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Need help with 24V and switch

Discussion in 'General Electronics Discussion' started by David_M, Apr 3, 2013.

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  1. David_M

    David_M

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    Apr 3, 2013
    I have a quick question. First off I am new and building a full size R2D2 from Star Wars and am needing a bit of help with one part of my electronics. I am running 2 x 12v 18Ah batteries in series. I need a switch that can handle 24v at 10A load. The switch I wanted to use is shown in the picture. Can I use a switch that is made for 12v on a 24v circuit? I am aware that there is an LED in the switch, but I intend on adding a resistor in line on the negative side.

    Any help is appreciated.

    [​IMG]

    [​IMG]
     
  2. (*steve*)

    (*steve*) ¡sǝpodᴉʇuɐ ǝɥʇ ɹɐǝɥd Moderator

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    Jan 21, 2010
    If the switch is rated for 12V, then it is probably not rated for 24V (or they'd just say it).

    A detailed datasheet for the switch may tell you more, presuming you can find one.
     
  3. Harald Kapp

    Harald Kapp Moderator Moderator

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    Nov 17, 2011
    The datasheet says 12v, so it's 12V, not 24V.
    at lower current (e.g. only 10A instead of the rated [email protected]) you may be able to use it with 24V. And you need to limit the LED current, as you have observed.

    Since you already have that switch, give it a try.
     
    Last edited: Apr 3, 2013
  4. Electrobrains

    Electrobrains

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    Jan 2, 2012
    I suppose you will be able to use the switch without greater problems.
    Just be aware of your full responsibility and the lack of warranty.

    The rated data for a switch will assure a certain amount of switch cycles for a specified load (here probably the rated DC voltage and current with a resistive load).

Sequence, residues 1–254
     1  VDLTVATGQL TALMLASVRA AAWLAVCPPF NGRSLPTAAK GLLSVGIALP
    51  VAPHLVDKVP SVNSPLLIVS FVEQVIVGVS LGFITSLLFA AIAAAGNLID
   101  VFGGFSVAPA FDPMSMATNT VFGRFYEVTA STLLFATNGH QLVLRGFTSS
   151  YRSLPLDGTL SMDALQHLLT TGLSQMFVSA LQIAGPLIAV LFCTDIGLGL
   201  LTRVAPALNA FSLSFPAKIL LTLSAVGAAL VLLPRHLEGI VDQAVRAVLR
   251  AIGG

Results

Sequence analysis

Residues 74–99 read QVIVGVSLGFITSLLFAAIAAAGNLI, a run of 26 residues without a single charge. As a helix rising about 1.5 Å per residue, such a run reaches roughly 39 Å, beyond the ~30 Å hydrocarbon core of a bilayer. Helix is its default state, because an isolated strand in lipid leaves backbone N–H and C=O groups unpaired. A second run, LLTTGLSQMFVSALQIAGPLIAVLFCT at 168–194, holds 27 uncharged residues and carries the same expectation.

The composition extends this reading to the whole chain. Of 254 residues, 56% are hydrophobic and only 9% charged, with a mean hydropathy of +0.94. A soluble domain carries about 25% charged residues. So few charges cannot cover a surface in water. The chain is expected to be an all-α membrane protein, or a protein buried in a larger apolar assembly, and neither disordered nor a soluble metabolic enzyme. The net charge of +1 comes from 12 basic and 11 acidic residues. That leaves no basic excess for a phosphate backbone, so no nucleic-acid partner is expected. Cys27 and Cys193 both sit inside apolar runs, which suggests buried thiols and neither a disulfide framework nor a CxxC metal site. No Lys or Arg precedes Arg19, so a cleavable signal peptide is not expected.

If you exceed the rating (higher current, higher voltage, inductive or capacitive load, temperature etc), you will reduce the life expectancy of the switch.

    When exceeding the voltage rating, you will get higher energy sparkles in the contact gap, that will burn your contacts and in worst case give you an all-destroying arc that also could cause fire.
    In general it's difficult to switch high voltage DC current, especially if you have an inductive load. For higher voltages (>40V), also the isolation matter should be considered.

    When exceeding the current rating, you will also burn the contacts more quickly and get a risk of welding them together.
     
  5. davenn

    davenn Moderator

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    Sep 5, 2009
    no you dont, looking at the diagram on the switch packet indicates that a series resistor for the LED is built into the switch :)

    Dave
     
  6. Harald Kapp

    Harald Kapp Moderator Moderator

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    Nov 17, 2011
    Yes, I saw that. This resistor is with a probability of 99.9999% designed for 12V operation. So it's a good idea to add some more for 24V operation.
     
  7. David_M

    David_M

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    Apr 3, 2013
    The way I am going to be using this is to break the circuit from my motor controller. There will never be any current flowing through the switch when I turn it on or off. This is just to protect my sabertooth motor controller in case of a dead battery.
     
  8. David_M

    David_M

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    Apr 3, 2013
    I've contacted the manufacturer for the data sheet
     
  9. David_M

    David_M

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    Apr 3, 2013
    What could work is that I could have the switch on 12V and have it turn on a relay at 24V, but I have not been able to find a 12V/24V relay that does not draw a lot of power to keep it turned on
     
  10. Electrobrains

    Electrobrains

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    Jan 2, 2012
    If you never switch under load and don't have more current than specified, I suppose that switch will work very well.
     
  11. KrisBlueNZ

    KrisBlueNZ Sadly passed away in 2015

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    Nov 28, 2011
    Latching relays don't need any current to keep them in either state.
     
  12. David_M

    David_M

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    Apr 3, 2013
    Please forgive me, what is a latching relay? I am very new to electronics
     
  13. Electrobrains

    Electrobrains

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    Jan 2, 2012
    latching relay
     
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